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Following the publication of this story, the strike planned for Wednesday evening at JFK and LaGuardia airports has been suspended. According to Reuters, the workers and security services provider have reached an agreement.
The beneath story is an earlier published version.
Over 1,000 airport workers will go on strike at JFK and LaGuardia airports starting Wednesday evening at 10 p.m. EST. According to a press release from Service Employees International Union’s Local 32BJ, the workers will be protesting low wages and for additional benefits.
These workers include baggage handlers, wheelchair attendants and security officers (which are different from TSA agents). The non-union contract workers are employed by Delta Airlines' (NYSE:DAL) subcontractor Aviation Safeguards, whose parent company is Command Security Corporation (NYSE:MOC). Workers allege that when they began to organize for higher wages and benefits, Aviation Safeguards threatened to fire them, prevented them from wearing union buttons, and misrepresented their rights as airport employees.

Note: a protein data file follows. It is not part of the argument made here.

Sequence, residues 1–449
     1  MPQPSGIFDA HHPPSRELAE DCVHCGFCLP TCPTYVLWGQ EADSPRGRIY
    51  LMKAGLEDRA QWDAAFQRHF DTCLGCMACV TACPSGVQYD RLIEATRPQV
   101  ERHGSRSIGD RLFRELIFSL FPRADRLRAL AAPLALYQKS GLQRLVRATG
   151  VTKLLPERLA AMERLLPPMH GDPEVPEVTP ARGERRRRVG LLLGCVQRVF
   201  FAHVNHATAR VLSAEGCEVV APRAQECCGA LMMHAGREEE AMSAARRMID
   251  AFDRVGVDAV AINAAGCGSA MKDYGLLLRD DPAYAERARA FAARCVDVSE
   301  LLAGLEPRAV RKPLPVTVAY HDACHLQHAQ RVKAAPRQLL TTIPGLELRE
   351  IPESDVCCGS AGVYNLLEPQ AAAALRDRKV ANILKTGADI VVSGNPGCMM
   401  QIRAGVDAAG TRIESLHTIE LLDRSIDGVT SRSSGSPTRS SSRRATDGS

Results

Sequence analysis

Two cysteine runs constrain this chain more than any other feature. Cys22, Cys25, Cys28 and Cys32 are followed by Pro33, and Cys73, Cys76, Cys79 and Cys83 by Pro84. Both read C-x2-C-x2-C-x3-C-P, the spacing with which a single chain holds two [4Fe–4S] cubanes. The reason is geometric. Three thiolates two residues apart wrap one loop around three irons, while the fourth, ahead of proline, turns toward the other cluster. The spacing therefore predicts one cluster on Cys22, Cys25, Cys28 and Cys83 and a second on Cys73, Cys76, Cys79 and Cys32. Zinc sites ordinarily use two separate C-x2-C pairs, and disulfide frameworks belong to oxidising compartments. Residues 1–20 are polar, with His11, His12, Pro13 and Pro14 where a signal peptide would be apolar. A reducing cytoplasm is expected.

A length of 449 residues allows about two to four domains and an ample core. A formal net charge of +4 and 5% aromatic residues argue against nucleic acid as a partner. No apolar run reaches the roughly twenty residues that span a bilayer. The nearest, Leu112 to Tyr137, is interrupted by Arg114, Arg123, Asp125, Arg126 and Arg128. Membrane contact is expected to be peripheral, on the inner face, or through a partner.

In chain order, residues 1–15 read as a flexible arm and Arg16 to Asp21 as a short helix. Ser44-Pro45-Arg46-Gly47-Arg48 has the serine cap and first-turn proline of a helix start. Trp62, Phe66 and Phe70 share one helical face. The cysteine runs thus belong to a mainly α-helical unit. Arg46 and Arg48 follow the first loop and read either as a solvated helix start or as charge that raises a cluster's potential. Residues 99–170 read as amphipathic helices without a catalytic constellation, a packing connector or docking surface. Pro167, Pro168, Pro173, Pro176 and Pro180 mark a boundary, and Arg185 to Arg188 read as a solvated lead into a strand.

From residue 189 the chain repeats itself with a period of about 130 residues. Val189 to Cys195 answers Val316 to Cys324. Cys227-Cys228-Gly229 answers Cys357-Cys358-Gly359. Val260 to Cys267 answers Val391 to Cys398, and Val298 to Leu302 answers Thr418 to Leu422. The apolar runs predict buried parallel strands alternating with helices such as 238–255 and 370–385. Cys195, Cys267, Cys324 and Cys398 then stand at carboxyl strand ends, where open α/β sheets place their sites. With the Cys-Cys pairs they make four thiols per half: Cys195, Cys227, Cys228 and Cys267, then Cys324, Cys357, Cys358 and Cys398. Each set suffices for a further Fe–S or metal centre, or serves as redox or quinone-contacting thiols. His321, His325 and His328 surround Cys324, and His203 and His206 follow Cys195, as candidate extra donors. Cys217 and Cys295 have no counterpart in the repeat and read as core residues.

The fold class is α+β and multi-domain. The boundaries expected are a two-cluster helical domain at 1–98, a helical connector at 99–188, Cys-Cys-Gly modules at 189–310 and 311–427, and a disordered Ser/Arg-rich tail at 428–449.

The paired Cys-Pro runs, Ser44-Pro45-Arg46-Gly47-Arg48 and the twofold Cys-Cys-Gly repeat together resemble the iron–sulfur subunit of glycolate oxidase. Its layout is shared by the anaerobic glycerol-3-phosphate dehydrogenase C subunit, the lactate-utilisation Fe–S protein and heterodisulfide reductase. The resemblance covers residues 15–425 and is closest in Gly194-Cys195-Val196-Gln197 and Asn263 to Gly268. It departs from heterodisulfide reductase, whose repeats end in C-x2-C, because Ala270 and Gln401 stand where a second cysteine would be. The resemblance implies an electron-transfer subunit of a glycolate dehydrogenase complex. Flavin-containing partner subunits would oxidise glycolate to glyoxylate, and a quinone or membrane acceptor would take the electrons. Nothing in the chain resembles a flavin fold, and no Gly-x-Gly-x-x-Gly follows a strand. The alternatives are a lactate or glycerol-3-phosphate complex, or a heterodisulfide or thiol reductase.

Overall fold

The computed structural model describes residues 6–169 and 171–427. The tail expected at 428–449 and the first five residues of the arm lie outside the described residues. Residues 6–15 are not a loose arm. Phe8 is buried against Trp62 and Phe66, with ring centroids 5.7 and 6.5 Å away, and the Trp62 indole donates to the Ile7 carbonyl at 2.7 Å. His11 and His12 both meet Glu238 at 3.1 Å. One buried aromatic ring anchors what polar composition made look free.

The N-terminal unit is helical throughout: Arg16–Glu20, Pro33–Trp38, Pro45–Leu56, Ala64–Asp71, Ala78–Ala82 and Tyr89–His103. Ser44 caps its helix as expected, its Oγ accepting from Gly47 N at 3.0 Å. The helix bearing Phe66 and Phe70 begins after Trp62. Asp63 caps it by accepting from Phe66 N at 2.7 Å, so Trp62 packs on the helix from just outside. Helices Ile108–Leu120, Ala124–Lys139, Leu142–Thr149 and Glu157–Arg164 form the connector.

The CEO of Command Security told Bloomberg that the allegations made by the group, which has been trying to unionize, are false.
Delta Airlines did not immediately respond to a request for comment, but spokeswoman Elizabeth Wolf has said in interviews that the airline will be accommodating the more than 35,000 passengers who are set to fly out of Delta's LaGuardia terminals on Thursday.
In an interview with Bloomberg, a spokeswoman for SEIU said that some of the workers are employed by British Airways and United Airlines (NYSE:UAL).
A representative for British Airways confirmed to FOXBusiness.com that their operations at JFK will not be affected and United spokesman Luke Punzenberger said in an e-mail, "United has contingency plans in place for any strike by the workers."